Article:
The son of Flemish parents, de Bloot was raised in Rotterdam. He married three times and it is thought that he was relatively wealthy, but otherwise little is known about his life. It is not known under whom he trained as an artist. He produced a surprisingly large oeuvre consisting primarily of bawdy peasant scenes that reveal the influence of Adriaen Brouwer and David Teniers II. He was also an accomplished landscape painter and in this field was strongly affected by Van Goyen's work of circa 1630. Beck lists eighteen 'pure' landscapes all of which he dates to early in the artist's career, before 1640 (see H.-U. Beck, Künstler um Jan van Goyen, Doornspijk, 1991, pp. 42-49, nos. 61-78).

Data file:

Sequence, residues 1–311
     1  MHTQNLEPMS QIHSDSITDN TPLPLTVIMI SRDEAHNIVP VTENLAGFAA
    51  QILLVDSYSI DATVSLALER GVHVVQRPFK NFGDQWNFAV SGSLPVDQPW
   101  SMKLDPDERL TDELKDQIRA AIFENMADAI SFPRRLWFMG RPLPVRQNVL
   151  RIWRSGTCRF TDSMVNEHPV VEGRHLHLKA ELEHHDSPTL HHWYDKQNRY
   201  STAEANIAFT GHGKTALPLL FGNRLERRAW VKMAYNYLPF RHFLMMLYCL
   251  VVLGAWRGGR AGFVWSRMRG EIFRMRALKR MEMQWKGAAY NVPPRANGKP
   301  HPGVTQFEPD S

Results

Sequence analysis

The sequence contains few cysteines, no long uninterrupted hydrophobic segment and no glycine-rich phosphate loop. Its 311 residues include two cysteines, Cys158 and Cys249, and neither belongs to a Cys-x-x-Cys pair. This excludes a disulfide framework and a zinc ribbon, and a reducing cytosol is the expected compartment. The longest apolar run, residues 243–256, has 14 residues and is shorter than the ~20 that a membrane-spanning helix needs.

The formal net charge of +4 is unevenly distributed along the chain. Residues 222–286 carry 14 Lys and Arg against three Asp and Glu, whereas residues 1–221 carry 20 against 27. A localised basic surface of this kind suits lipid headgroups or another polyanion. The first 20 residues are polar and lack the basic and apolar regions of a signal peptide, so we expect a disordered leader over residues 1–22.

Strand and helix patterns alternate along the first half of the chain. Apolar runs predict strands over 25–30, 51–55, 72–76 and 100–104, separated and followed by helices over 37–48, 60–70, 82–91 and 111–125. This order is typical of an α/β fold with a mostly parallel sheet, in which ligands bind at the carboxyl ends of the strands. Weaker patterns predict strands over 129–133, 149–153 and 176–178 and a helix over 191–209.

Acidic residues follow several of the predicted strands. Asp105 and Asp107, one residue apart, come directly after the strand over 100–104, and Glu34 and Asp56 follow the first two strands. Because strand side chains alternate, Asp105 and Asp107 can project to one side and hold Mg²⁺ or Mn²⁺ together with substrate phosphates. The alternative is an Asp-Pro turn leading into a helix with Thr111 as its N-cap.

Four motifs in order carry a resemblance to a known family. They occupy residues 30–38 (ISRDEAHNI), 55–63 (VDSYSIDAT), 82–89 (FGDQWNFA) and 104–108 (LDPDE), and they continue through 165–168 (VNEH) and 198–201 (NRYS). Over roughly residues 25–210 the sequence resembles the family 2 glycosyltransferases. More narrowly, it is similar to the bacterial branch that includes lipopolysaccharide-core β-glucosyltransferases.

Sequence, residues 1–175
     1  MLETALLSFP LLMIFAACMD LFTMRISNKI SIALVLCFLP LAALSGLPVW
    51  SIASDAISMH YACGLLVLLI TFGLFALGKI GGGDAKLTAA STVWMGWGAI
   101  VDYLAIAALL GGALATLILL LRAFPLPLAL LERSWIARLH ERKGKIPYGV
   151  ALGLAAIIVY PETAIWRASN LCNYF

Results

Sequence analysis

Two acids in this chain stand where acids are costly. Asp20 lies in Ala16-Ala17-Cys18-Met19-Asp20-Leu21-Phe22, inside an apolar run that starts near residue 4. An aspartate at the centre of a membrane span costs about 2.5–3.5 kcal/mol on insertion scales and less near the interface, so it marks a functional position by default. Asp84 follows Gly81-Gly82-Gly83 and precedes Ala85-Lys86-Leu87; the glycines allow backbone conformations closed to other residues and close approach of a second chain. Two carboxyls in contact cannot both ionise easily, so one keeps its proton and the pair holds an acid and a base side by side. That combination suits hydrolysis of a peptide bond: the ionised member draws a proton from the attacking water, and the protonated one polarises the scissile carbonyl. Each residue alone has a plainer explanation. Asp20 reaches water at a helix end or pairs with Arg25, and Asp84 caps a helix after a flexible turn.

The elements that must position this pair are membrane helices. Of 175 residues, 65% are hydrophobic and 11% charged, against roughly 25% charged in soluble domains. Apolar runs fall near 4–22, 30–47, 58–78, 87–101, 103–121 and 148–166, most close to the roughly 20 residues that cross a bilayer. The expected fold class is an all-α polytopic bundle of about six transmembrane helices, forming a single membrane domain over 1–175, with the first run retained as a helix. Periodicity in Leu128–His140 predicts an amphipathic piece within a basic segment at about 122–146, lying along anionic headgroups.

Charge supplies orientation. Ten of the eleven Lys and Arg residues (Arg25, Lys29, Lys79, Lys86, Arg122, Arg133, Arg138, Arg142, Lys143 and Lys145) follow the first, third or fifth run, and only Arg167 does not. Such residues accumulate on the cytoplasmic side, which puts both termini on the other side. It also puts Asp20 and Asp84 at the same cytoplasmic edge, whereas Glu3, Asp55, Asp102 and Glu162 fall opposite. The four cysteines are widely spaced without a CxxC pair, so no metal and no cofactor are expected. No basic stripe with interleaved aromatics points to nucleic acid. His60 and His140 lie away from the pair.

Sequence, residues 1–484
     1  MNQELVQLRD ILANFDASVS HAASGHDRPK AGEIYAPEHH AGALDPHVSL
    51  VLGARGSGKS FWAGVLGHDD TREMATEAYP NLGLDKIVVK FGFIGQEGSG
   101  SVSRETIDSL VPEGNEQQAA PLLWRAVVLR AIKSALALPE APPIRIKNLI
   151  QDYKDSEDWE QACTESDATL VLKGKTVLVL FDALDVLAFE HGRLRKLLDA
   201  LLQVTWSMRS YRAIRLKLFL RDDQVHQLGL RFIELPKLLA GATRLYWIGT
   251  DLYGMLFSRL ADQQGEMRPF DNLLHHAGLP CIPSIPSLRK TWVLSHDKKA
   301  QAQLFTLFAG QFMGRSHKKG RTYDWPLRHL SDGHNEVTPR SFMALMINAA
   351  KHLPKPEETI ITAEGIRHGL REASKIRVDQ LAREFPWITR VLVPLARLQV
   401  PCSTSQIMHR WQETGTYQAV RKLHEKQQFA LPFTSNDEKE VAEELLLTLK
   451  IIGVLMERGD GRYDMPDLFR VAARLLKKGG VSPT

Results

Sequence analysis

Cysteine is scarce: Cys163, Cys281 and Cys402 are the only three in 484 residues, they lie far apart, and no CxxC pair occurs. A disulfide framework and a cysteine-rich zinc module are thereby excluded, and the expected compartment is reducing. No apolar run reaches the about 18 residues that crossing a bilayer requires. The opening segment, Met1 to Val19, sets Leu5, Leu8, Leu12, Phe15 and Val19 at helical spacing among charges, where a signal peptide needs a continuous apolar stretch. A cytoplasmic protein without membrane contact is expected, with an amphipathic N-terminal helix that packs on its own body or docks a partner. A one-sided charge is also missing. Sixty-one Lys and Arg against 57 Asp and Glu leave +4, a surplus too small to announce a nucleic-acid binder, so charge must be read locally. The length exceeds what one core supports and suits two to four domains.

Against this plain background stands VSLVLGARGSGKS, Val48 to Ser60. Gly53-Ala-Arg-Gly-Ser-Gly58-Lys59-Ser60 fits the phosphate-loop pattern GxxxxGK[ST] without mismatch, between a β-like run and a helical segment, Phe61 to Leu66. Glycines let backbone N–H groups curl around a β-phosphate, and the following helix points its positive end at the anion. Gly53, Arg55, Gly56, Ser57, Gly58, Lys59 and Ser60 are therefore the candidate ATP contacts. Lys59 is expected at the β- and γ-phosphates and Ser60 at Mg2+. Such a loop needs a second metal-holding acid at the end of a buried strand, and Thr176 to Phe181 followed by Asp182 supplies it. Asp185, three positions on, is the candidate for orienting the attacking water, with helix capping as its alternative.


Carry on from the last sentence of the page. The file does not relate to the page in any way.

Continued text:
The present work successfully combines de Bloot's interest in landscape and genre painting. As is characteristic in his landscapes, the scene is composed using a dark foreground contrasted against a strongly illuminated middleground, enabling him to achieve a fine sense of distance. Particularly admirable is his rendering of the rickety thatched tavern that dominates the left side of the composition. This emphasis on the landscape suggests a date of circa 1640, in keeping with Beck's dating of the above-mentioned views. Another treatment of this theme, with figures outside a tavern on the left side, can be seen in the picture dated 1639 in the Rijksmuseum, Amsterdam. The peasants in the Amsterdam picture do not appear to have indulged themselves quite as much as the tavern drinkers here. One of them has collapsed in the right foreground where he is shown prostrate by a pig, probably intended as a deliberate allusion to the parable of the Prodigal Son. Another is seen vomiting at the table outside the tavern in similar fashion to a figure who features in a picture of the same subject sold in these Rooms, 29 June 1973, lot 19.